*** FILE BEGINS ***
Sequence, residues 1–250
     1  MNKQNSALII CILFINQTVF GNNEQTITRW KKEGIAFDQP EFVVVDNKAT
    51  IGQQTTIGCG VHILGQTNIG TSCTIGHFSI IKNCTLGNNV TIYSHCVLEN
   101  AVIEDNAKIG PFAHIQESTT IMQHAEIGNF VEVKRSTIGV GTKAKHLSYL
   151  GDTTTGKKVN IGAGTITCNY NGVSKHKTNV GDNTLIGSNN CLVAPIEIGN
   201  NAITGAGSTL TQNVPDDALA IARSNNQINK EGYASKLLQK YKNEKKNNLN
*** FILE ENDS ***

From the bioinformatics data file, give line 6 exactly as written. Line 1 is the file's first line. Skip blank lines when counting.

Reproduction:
   201  NAITGAGSTL TQNVPDDALA IARSNNQINK EGYASKLLQK YKNEKKNNLN